From the months of May to July in 2013, I was one of the twelve Engineering Science students from the University of Toronto to participate in a research exchange program arranged by the Centre for International Experience. The National University of Singapore’s Engineering Science Programme hosted the exchange opportunity. I, along with my fellow student Kevin Zhu, worked under Dr. Koh Soo Jin Adrian, an assistant professor in the department of Civil and Environmental Engineering. Our research, entitled “Actuation of Dielectric Elastomers as Artificial Muscle,” focused on analyzing and experimenting with various elastomers to achieve giant actuation and successful lifting mechanisms.
A dielectric elastomer consists of a viscoelastic polymer sandwiched between two compliant electrodes. When voltage is applied across the electrodes, electrostatic forces cause opposite electrodes to attract, thereby squeezing the elastomer and allowing it to lengthen, or actuate. This technology, if developed properly, will be able to serve as actuation mechanisms within robotic systems without the need of motors or excessive mechanical parts.
The research I conducted focused on the following topics: achieving giant actuation in elastomers of 600%, actuating different types of elastomers, and analyzing lifting strengths and cycles. We summarized our findings in an extensive report, which documented the procedures, results, and conclusions of every experiment. It is interesting to note that prior to the work in Dr. Koh’s lab, no dielectric elastomer actuation had achieved a higher actuation percentage. We not only achieved a record-breaking experimental actuation, but also tested various elastomers, recorded hysteresis loss cycles, and determined lifting strengths in terms of mass of elastomer: mass of weight. We delineated common errors in experimentation and how to minimize them, and classified each elastomer in terms of actuation success. The well-equipped, organized lab housed eight intern students, including myself.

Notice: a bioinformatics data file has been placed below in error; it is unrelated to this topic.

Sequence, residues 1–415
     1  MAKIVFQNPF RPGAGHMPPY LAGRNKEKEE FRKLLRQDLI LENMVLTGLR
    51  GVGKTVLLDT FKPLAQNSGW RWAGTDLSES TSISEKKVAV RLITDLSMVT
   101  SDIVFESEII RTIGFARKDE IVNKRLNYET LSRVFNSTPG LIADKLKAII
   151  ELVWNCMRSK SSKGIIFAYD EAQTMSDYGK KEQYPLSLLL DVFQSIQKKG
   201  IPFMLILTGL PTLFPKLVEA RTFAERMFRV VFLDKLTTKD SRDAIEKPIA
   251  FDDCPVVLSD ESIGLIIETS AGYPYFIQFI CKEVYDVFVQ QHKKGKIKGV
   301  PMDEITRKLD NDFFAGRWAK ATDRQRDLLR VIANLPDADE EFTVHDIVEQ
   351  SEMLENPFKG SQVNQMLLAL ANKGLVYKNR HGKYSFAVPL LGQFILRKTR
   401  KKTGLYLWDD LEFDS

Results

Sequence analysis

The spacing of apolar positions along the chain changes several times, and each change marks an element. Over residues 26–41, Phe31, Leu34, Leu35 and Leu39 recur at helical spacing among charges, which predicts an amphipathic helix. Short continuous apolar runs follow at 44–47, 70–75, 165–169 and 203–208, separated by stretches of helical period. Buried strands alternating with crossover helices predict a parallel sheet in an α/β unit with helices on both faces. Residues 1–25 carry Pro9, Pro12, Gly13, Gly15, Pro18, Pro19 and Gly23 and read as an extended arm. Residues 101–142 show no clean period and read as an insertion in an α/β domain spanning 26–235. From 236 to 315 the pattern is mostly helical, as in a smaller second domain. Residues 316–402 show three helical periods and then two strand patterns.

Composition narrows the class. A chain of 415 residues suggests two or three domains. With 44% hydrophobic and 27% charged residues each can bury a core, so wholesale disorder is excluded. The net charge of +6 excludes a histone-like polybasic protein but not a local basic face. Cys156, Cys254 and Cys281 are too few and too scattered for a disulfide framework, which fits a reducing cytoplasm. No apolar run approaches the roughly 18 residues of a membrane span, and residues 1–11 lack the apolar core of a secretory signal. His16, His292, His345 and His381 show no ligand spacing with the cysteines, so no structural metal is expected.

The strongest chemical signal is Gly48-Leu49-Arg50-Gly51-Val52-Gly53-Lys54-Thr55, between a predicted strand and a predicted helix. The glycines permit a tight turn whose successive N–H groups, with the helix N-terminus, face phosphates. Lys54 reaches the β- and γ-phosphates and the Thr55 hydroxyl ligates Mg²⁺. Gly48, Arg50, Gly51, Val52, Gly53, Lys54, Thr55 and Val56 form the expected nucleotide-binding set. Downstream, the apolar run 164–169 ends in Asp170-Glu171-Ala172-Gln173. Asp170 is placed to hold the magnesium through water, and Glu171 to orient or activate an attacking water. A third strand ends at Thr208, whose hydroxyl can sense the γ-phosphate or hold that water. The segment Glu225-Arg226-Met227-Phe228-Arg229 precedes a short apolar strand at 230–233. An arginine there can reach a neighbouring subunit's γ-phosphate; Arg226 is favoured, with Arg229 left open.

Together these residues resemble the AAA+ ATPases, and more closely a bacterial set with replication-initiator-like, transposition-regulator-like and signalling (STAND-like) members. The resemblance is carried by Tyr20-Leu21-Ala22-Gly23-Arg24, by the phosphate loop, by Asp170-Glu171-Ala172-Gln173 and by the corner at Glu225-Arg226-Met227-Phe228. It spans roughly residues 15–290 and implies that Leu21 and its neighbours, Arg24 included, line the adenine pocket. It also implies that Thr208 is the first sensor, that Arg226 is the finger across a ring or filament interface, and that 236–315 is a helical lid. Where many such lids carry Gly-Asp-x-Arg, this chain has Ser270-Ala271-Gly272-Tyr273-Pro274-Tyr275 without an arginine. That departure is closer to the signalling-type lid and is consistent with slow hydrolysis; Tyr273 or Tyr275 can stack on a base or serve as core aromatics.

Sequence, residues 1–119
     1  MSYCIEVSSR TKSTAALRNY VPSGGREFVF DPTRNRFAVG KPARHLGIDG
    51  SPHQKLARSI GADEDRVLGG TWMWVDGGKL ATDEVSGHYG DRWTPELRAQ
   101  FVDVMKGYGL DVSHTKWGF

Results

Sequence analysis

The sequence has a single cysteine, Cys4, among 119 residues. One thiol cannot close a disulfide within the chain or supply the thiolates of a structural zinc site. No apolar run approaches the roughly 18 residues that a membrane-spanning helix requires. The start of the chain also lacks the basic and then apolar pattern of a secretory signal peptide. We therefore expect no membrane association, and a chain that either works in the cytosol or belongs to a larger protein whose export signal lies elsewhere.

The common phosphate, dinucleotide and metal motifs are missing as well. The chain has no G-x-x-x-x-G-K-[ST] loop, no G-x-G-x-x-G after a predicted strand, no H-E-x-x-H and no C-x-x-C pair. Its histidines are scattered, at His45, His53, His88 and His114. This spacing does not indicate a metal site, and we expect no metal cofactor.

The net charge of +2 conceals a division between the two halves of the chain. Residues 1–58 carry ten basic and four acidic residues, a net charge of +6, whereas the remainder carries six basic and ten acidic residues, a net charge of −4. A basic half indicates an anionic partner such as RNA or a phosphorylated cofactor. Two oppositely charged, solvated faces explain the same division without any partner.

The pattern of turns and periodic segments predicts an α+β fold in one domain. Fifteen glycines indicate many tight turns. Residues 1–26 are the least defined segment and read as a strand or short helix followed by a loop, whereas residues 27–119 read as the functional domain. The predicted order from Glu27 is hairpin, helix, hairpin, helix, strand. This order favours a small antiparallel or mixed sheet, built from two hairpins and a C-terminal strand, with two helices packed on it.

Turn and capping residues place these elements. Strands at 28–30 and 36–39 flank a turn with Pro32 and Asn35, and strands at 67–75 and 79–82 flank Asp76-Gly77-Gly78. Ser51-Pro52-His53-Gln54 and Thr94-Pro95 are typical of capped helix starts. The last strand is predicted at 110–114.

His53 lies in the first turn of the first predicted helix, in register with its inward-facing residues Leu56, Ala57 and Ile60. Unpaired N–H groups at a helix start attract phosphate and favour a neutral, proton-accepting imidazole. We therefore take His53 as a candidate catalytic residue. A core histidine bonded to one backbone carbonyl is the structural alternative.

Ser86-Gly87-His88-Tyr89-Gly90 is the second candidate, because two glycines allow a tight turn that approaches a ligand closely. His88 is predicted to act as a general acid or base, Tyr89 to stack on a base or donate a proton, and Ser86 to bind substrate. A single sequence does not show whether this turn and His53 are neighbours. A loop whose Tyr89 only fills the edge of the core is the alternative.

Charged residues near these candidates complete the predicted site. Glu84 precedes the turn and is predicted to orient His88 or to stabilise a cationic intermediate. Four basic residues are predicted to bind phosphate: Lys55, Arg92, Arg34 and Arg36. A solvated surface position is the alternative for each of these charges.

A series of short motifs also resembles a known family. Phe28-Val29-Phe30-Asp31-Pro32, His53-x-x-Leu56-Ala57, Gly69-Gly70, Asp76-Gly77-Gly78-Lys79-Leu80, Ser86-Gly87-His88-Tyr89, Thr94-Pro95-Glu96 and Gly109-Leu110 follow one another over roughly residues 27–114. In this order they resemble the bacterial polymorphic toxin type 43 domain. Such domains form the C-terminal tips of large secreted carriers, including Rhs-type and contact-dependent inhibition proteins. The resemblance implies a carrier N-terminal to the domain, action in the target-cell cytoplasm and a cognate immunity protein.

The PhD student who assisted us in the understanding of theoretical and experimental elements of the project was extremely helpful and helped guide us in the right direction. Overall, we made valuable contributions to this specific field of research, gained important lab skills, and acquired extensive knowledge on the topic of dielectric elastomers. It was a fantastic educational opportunity for me, as it allowed me to apply my knowledge and to learn for myself what the research experience is like.
Outside of the lab, my classmates and I shared unforgettable memories. Being in a foreign country together was exciting and invigorating. In our free time, we would explore the country, visit attractions, and find time to relax and to enjoy each other’s company. During the weekends, we would even plan international trips to Malaysia and Indonesia. It was during this free time that we indulged in the rich Singaporean culture, and explored the amazing sights with open minds. I will always treasure the incredible opportunities that I came across during these two months of my exchange. In these 9 weeks, I was able to conduct interesting and advanced research, explore the wonders of Southeast Asia, and foster lifelong friendships with my fellow Engineering Science students. I am extremely grateful for my time in Singapore, because I was able to become richer in knowledge and experience.